His relentless support for the 2003 invasion of Iraq turned me decisively against Tony Blair. And I was never a real fan of his `third way'. but he is certainly very smart - with the kind of global vision that Bill Clinton has at his best.
I understand the appeal of Bernie Sanders and Elizabeth Warren's denunciations of the "billionaire class". But in a nation that just elected one of them the rhetoric rings increasingly hollow. There needs to be a better way..a third way. - gwc
Against `Populism' the Center must hold - Tony Blair //NY times Op-ed
...traditional conservatives feel like strangers in their own land. They are unsure whether to play along with the new order on the basis that it will soon pass or to accept that this is a revolution aimed at overturning their authority and fight it.
The causes of this movement are the scale, scope and speed of change. This is occurring economically as jobs are displaced and communities fractured, and culturally as the force of globalization moves the rest of the world closer and blurs old boundaries of nation, race and culture.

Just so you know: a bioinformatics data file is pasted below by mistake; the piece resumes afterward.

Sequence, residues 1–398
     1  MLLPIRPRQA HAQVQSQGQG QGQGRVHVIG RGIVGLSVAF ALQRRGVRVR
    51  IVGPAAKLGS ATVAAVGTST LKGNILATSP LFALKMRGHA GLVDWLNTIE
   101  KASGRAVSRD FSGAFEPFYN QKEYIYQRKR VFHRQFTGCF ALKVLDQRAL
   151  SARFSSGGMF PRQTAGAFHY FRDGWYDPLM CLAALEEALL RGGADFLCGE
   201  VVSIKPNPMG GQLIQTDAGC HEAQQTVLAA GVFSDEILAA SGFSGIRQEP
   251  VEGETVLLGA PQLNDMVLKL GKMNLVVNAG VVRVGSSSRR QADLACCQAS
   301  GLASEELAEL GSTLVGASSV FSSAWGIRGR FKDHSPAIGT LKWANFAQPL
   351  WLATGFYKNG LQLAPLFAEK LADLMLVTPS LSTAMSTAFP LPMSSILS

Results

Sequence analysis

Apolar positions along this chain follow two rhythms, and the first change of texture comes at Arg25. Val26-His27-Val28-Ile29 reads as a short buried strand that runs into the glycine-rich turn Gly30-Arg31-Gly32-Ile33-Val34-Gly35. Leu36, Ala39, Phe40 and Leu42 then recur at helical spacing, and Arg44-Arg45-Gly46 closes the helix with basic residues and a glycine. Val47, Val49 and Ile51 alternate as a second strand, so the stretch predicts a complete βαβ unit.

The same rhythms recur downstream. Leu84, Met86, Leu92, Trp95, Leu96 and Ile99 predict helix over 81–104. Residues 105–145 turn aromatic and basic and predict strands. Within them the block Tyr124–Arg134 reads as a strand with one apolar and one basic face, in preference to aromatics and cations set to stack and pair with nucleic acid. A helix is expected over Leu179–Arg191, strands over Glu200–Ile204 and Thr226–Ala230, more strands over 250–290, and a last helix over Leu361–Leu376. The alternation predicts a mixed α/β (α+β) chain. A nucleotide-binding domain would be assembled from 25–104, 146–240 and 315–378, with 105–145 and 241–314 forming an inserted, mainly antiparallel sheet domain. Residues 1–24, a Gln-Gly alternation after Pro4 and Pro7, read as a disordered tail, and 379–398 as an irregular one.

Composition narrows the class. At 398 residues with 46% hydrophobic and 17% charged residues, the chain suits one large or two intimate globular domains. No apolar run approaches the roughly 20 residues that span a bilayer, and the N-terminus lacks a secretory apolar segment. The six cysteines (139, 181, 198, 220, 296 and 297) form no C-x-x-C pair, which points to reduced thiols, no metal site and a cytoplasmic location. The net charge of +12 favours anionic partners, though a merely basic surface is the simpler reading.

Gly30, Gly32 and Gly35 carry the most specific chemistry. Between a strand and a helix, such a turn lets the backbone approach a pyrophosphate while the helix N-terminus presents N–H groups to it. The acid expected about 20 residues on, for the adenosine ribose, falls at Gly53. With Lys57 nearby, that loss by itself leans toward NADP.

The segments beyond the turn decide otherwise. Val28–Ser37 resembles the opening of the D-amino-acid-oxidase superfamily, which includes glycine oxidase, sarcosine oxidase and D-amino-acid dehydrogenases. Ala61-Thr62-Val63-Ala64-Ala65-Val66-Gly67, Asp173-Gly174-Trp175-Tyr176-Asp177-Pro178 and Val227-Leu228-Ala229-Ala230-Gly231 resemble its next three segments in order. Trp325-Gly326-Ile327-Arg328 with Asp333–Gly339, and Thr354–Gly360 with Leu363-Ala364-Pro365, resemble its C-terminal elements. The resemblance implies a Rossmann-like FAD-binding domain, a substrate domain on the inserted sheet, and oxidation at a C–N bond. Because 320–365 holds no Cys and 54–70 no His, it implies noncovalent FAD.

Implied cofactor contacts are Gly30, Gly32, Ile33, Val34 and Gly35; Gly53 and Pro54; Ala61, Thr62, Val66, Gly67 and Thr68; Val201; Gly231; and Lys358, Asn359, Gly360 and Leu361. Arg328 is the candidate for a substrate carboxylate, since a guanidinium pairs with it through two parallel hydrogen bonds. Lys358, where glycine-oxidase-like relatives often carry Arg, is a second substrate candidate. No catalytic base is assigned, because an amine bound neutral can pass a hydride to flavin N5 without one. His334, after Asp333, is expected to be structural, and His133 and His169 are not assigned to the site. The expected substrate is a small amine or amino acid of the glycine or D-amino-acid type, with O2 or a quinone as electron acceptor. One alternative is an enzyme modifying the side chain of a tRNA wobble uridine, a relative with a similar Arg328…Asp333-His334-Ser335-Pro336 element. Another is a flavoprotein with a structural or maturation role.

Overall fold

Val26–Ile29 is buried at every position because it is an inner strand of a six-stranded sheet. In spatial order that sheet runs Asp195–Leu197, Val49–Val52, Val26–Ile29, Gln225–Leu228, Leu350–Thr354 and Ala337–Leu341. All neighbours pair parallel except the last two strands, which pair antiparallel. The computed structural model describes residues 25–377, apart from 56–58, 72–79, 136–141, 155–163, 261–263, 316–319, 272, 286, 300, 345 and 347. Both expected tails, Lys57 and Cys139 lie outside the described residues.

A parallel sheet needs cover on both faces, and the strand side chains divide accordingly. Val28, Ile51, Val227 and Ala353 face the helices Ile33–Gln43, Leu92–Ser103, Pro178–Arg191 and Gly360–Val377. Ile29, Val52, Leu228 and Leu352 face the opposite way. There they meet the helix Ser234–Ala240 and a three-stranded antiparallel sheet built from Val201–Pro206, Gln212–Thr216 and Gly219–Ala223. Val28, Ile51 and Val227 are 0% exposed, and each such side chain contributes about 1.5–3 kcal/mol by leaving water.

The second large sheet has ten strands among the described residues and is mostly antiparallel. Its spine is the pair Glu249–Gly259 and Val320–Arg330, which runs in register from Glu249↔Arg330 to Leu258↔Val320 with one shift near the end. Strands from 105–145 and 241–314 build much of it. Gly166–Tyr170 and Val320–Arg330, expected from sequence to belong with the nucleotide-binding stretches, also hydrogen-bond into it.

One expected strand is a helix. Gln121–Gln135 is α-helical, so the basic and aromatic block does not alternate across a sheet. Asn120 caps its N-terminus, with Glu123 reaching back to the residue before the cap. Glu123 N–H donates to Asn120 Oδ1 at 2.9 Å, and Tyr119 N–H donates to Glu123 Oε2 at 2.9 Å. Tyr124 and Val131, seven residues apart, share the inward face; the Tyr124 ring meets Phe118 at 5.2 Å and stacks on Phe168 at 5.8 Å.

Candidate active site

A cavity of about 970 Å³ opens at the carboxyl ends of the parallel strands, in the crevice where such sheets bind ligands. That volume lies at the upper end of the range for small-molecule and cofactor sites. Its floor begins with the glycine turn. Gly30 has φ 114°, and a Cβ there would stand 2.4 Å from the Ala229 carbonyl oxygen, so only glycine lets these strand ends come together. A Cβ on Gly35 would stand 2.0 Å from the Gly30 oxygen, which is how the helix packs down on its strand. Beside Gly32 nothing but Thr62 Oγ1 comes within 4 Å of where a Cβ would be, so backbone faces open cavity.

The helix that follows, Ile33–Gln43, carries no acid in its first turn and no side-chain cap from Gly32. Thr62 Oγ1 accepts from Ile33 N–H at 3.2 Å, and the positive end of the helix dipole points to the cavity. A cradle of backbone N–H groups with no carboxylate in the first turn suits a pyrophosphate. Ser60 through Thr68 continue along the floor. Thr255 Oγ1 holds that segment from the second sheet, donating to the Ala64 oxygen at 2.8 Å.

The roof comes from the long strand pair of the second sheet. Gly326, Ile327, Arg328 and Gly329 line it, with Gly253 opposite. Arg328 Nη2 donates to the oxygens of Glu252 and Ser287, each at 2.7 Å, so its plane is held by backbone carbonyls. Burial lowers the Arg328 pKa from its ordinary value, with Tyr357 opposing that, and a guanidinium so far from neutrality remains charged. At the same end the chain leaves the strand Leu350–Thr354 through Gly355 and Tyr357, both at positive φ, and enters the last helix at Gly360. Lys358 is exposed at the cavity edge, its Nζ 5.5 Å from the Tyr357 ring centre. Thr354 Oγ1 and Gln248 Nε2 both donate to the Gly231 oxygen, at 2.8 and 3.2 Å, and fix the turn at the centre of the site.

The same dynamics are splintering the left, too. One element has aligned with the right in revolt against globalization, but with business taking the place of migrants as the chief evil. They agree with the right-wing populists about elites, though for the left the elites are the wealthy, while for the right they’re the liberals.
This leftist populism is a profound error. It has no chance of matching the populist appeal of the right, and it dangerously validates some of the right’s arguments. This only fuels a cynicism that depresses support for the more progressive parts of the left’s program.
But this left tendency has gained from the seeming paralysis of the center. The parties and politicians of the center have become the managers of the status quo in an era when people want change. So, the center — in both its center-right and center-left camps — is marginalized, even despised.